Beholds this man in a false glaring light,
Which conquest and success have thrown upon him.
Didst thou but view him right, thou’dst see him black
With murder, treason, sacrilege, and crimes,
That strike my soul with horror but to name ‘em.

We live, my brethren, in an age of wonders; but, surely, nothing can be more wonderful, than that free men should rejoice in the triumphs of despotism; that they, who resisted their own sovereign, the limited monarch of a free people, merely for encroachments on the British constitution, should now applaud the champion of slavery, and vie with each other in extending their necks to receive the yoke.  A people, that can feel and proclaim such sentiments, are ripe for a master, and they will have one.  An alliance with France would accelerate this event, and the fate of our country may thus be portrayed by some future historian:–The United States lost their liberties by deserting the wise principles of the immortal Washington, and by choosing for their rulers the disciples of the new school in politicks, morals, and religion.  Napoleon did not fail to improve so favourable an opportunity of securing the conquest of the western world.              By the seductive arts of skillful emissaries, and by the bold calumnies of venal presses, the jealousy of the people was excited against the wealth, talents, and virtue of the country.  Those, who had grown hoary in the publick service, and had displayed the most unequivocal proofs of their disinterestedness and patriotism, were stigmatized as the friends of monarchy and the partisans of England.  The grossest falsehoods, respecting that nation, were circulated and believed; an alliance with France was recommended and formed, and a formidable French force was gradually introduced into the country, and garrisoned its most important fortresses.  Thus fell the last of republicks, which had existed less than half a century, the victim of divided councils and popular effervescence; and thus must perish every state, that discards wisdom and talents from its administration, and calls in a more powerful ally to settle its domestick disputes, or to protect it against foreign aggression.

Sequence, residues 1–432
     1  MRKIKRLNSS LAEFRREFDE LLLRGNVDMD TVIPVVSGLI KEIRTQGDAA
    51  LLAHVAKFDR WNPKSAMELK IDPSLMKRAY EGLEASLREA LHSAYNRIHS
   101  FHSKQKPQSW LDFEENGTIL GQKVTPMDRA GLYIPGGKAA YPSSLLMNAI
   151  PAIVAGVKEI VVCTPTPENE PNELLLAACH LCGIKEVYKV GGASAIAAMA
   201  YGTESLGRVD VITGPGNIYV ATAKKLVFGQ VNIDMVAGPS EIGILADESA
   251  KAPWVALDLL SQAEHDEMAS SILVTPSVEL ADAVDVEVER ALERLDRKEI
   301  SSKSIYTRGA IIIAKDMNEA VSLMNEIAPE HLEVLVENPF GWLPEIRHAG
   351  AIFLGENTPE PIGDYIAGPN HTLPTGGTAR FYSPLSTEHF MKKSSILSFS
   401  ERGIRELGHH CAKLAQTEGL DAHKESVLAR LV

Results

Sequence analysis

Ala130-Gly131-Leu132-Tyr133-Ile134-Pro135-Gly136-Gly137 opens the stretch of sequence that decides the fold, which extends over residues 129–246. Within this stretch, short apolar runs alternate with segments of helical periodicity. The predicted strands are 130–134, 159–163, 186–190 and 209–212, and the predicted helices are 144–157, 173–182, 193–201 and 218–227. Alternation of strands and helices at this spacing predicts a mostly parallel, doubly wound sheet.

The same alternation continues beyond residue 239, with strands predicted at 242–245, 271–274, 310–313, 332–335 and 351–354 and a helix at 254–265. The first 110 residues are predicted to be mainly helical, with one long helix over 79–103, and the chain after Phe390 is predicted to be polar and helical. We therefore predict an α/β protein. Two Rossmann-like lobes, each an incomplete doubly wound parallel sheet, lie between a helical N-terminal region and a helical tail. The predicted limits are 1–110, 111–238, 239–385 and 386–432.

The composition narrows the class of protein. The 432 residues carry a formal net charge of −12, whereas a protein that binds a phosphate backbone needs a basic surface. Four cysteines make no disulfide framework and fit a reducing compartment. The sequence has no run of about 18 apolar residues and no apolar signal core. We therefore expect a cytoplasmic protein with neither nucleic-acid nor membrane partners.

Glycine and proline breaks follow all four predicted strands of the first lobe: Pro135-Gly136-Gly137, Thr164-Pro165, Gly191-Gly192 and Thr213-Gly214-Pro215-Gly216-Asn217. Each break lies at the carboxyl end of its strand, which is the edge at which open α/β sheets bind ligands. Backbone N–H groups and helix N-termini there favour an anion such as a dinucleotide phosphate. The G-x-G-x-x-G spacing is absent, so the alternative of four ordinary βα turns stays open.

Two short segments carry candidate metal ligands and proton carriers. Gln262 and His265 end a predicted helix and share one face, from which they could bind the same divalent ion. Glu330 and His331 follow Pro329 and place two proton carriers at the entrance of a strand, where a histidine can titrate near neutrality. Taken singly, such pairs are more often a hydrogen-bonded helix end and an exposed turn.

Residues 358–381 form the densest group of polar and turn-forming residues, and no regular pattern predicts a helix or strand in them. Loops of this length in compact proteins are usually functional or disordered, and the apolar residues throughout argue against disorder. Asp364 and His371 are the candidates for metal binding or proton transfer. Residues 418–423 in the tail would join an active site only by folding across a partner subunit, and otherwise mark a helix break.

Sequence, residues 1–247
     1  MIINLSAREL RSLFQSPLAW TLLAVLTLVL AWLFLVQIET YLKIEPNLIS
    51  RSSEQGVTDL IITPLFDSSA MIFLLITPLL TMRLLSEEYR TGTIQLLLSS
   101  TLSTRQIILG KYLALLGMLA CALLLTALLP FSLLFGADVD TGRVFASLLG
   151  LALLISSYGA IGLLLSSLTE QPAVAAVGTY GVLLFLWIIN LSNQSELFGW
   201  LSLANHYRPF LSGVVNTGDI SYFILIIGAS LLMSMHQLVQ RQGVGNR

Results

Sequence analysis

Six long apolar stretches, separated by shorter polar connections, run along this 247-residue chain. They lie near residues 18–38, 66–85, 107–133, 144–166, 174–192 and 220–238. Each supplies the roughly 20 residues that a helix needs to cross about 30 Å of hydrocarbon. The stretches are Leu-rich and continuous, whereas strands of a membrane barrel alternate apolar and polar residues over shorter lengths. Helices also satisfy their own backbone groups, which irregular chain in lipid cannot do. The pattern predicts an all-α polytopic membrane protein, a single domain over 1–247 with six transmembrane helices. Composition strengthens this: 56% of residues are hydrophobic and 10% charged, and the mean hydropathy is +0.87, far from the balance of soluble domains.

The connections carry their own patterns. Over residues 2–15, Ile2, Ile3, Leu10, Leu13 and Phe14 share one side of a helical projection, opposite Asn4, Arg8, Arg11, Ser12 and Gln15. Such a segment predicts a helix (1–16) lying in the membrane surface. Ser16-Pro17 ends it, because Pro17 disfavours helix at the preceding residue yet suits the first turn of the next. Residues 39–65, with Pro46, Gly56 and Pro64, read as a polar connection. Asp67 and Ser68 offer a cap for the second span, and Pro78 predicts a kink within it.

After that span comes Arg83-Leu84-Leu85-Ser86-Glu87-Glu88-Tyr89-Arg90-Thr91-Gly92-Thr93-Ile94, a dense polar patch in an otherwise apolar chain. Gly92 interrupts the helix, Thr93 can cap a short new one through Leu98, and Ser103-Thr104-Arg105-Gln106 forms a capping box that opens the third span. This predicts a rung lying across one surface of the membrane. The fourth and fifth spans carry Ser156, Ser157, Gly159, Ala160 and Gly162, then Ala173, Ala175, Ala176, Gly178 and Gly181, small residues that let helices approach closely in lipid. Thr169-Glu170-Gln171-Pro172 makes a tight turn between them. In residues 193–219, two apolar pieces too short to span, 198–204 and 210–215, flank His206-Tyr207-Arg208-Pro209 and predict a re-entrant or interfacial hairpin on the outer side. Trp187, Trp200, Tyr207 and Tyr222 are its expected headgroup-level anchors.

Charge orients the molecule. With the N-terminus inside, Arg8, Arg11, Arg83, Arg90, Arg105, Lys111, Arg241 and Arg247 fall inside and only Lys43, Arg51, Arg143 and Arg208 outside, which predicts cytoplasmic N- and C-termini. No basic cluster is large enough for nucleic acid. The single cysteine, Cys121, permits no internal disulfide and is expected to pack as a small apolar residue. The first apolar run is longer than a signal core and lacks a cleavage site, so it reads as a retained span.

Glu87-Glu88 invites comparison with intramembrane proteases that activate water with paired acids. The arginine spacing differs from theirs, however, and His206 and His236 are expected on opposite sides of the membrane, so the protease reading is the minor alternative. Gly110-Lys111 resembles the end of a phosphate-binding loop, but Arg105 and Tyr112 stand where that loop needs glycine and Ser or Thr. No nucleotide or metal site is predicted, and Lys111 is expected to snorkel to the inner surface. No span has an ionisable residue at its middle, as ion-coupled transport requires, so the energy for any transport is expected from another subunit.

I have no claim to the spirit of prophecy, and this picture may be the mere creature of the imagination.  That it may prove so, may God, of his infinite mercy, grant.


[i] Thomson’s Britannia.
[ii] James Allen.
[iii] Letter on the Genius and Disposition of the French Government, p. 179.
[iv] Mr. Ames.